The Sense of an Ending by Julian Barnes
There were three of us, and he now made the fourth. We hadn't expected to add to our tight number: cliques and pairings had happened long before, and we were already beginning to imagine our escape from school into life. His name was Adrian Finn, a tall, shy boy who initially kept his eyes down and him to himself. For the first day or two, we took little notice of him: at our school there was no welcoming ceremony, let alone its opposite, the punitive induction. We just registered his presence and waited.
The masters were more interested in him then we were. They had to work out his intelligence and sense of discipline, calculated how well he'd previously been taught, and if he might prove "scholarship material." On the third morning of that autumn term, we had history class with Old Joe Hunt, wryly affable in his three-piece-suit, a teacher whose system of control depended on maintaining sufficient but not excessive boredom.
"Now, you'll remember that I asked you to do some preliminary reading about the reign of Henry the Eighth." Colin, Alex and I squinted at one another, hoping that the question wouldn't be flicked, like an angler's fly, to land on one of our heads. "Who might like to offer a characterisation of the age?" He drew his own conclusion from our averted eyes. "Well, Marshall, perhaps. How would you describe Henry the Eighth's reign?"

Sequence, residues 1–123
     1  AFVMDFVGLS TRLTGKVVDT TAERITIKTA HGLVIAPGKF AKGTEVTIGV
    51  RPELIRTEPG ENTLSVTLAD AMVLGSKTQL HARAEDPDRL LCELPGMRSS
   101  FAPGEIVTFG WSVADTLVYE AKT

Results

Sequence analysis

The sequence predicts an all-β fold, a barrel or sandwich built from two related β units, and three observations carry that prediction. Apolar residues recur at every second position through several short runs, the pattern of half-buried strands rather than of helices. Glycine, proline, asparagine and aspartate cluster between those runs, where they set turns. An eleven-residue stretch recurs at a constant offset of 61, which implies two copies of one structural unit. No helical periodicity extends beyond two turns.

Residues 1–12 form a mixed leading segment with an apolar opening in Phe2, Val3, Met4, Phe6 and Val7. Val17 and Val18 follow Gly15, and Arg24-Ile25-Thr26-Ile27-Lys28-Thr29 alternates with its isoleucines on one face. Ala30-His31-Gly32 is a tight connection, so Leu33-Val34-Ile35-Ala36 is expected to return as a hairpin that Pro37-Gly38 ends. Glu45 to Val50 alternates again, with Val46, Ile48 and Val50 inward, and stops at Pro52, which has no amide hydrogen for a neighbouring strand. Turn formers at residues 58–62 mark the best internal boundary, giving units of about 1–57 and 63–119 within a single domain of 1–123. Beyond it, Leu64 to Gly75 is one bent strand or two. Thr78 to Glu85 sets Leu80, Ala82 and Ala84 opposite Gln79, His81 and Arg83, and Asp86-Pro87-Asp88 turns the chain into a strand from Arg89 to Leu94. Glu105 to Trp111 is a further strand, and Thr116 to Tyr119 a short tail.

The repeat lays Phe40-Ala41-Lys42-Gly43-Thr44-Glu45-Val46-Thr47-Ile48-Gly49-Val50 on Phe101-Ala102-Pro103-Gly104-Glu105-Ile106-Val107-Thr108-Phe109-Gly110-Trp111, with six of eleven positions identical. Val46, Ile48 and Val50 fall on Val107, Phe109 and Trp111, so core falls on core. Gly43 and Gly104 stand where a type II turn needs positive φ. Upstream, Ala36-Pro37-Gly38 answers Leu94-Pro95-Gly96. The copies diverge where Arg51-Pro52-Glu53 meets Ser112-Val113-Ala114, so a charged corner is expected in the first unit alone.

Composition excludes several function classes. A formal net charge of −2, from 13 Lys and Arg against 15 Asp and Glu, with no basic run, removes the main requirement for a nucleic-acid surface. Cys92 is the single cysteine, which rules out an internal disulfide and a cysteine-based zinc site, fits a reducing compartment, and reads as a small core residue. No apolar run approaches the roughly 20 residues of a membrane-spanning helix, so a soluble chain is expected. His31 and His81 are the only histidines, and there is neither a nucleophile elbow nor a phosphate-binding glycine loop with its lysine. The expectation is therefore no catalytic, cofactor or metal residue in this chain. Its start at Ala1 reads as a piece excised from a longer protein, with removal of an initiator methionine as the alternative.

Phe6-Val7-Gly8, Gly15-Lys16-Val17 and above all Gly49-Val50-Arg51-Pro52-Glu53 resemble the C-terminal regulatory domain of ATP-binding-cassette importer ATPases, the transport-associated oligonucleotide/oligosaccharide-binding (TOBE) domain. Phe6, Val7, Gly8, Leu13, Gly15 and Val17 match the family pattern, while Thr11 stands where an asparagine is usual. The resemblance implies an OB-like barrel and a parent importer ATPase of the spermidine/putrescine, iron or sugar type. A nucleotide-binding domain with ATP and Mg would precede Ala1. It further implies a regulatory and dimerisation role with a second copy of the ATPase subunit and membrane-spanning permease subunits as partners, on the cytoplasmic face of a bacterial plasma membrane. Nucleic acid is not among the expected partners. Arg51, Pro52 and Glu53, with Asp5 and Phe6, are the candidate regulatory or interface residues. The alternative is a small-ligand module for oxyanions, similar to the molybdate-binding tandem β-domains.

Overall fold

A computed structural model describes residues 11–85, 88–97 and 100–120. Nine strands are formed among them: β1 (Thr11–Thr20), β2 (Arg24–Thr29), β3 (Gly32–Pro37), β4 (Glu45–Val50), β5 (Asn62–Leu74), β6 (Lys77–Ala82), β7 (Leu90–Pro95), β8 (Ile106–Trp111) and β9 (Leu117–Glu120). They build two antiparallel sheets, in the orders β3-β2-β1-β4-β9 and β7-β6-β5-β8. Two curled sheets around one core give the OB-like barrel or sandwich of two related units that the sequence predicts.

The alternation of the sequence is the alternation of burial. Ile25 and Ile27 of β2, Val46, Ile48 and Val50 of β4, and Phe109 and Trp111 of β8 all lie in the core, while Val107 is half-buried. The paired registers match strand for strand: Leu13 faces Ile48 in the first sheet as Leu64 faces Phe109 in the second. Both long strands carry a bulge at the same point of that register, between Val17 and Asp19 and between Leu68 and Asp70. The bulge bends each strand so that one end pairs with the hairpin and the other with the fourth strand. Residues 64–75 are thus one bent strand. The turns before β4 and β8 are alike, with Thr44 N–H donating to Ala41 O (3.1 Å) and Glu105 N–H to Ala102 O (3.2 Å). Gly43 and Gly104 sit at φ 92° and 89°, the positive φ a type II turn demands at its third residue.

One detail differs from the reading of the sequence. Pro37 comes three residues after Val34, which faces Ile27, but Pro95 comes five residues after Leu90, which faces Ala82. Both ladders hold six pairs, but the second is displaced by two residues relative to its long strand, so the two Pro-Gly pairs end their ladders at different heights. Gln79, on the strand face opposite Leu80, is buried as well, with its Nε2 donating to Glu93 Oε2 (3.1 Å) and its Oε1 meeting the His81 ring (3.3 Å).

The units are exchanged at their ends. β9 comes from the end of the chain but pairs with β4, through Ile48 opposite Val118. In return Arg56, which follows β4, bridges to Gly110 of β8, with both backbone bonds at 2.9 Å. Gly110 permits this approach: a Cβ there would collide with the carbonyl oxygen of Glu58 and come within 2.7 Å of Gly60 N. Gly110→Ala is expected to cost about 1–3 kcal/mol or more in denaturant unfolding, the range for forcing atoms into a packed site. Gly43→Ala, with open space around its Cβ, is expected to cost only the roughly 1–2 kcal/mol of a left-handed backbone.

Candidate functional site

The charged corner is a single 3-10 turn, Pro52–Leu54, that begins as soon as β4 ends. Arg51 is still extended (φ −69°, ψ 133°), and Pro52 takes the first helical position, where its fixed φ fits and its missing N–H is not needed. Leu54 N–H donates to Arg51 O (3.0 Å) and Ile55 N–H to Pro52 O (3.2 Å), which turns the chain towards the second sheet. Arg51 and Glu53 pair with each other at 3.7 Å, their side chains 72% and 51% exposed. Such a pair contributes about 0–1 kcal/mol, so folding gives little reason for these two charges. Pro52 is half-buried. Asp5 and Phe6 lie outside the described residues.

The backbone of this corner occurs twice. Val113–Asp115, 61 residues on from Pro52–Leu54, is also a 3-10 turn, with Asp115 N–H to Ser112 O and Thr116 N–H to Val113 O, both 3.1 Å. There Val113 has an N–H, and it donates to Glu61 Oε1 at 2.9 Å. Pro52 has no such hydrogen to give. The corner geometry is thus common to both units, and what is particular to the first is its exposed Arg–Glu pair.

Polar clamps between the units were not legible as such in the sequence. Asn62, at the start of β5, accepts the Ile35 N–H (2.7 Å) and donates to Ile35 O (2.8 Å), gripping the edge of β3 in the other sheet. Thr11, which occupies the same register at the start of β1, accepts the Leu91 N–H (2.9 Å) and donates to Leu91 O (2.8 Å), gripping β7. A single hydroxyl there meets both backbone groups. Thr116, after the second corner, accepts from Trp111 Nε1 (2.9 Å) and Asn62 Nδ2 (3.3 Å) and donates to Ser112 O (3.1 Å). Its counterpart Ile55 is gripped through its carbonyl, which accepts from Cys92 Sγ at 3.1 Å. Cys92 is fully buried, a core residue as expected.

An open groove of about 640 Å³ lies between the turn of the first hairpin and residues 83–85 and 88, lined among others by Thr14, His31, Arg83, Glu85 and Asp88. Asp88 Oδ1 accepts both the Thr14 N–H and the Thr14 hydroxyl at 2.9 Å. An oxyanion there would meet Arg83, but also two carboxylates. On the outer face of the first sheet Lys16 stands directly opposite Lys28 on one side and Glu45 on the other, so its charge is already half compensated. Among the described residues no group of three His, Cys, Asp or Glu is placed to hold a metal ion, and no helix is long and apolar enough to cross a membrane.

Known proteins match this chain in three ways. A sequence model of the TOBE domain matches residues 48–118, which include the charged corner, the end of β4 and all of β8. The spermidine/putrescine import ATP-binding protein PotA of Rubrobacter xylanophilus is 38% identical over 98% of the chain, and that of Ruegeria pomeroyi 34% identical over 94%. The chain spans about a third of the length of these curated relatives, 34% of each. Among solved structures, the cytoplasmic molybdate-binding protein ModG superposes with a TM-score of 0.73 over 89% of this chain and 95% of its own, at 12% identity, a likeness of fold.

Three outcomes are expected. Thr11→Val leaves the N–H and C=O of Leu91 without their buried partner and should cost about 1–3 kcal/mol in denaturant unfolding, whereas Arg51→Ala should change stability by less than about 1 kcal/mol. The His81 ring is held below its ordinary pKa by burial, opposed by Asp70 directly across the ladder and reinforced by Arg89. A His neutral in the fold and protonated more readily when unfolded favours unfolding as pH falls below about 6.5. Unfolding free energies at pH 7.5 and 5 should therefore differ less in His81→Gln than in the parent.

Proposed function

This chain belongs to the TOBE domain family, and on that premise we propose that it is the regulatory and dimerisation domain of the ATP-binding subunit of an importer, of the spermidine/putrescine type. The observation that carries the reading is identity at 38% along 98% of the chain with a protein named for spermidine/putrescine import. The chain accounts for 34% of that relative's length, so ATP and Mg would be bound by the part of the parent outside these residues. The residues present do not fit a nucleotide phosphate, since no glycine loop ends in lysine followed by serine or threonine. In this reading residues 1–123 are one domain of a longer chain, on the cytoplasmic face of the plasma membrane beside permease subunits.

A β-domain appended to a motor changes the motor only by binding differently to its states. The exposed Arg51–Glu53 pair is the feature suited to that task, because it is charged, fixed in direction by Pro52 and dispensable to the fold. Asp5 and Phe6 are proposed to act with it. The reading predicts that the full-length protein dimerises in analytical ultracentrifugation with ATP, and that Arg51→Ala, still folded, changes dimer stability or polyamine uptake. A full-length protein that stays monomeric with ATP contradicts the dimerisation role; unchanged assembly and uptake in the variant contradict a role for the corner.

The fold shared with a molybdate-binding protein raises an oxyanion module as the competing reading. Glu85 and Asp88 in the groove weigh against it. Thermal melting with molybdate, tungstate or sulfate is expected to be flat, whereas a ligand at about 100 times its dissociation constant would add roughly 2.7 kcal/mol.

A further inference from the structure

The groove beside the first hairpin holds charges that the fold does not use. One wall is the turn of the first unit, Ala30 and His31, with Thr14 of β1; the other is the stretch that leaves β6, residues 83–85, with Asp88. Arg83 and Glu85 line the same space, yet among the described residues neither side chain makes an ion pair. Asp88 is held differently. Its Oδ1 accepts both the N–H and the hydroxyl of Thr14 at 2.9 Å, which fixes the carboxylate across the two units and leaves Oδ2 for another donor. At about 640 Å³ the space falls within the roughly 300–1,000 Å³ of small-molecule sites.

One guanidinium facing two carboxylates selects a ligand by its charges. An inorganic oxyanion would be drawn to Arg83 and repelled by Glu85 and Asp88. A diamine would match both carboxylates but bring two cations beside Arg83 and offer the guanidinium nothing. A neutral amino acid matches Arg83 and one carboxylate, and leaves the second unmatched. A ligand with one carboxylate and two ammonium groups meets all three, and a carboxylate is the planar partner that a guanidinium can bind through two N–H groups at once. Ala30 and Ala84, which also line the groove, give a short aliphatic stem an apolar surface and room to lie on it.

Our relief was greater than our curiosity, because Marshall was a cautious
know-nothing who lacked the inventiveness of true ignorance. He searched for possible hidden complexities in the question before eventually locating a response.
"There was unrest, sir."
An outbreak of barely controlled smirking; Hunt himself almost smiled.
"Would you, perhaps, care to elaborate?"
Marshall nodded slow assent, thought a little longer, and decided it was no time for caution. "I'd say there was great unrest, sir."
"Finn, then. Are you up in this period?"
The new boy was sitting a row ahead and to my left. He had shown no evident reaction to Marshall's idiocies.
"Not really, sir, I'm afraid. But there is one line of thought according to which all you can truly say of any historical event -- even the outbreak of the First World War, for example -- is that 'something happened.'"
"Is there, indeed? Well, that would put me out of a job, wouldn't it?" After some sycophantic laughter, Old Joe Hunt pardoned our holiday idleness and filled us in on the polygamous royal butcher.
At the next break, I sought out Finn. "I'm Tony Webster." He looked at me warily. "Great line to Hunt." He seemed not to know what I was referring to. "About something happening."
"Oh. Yes. I was rather disappointed he didn't take it up."
That wasn't what he was supposed to say.
Another detail I remember: the three of us, as a symbol of our bond, used to wear our watches with the face on the inside of the wrist. It was an affectation, of course, but perhaps something more. It made time feel like a personal, even a secret, thing. We expected Adrian to note the gesture, and follow suit; but he didn't.
Published by Alfred A. Knopf (2012)